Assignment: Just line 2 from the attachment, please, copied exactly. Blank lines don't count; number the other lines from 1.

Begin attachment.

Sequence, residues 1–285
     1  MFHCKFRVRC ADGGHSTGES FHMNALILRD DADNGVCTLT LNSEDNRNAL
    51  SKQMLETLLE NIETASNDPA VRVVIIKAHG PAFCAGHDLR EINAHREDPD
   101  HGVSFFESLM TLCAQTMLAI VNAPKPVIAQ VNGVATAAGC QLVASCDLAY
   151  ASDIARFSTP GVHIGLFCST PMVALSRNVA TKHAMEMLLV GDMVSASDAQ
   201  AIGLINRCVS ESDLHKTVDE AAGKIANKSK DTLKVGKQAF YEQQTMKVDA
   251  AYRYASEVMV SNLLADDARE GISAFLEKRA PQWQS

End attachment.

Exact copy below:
     1  MFHCKFRVRC ADGGHSTGES FHMNALILRD DADNGVCTLT LNSEDNRNAL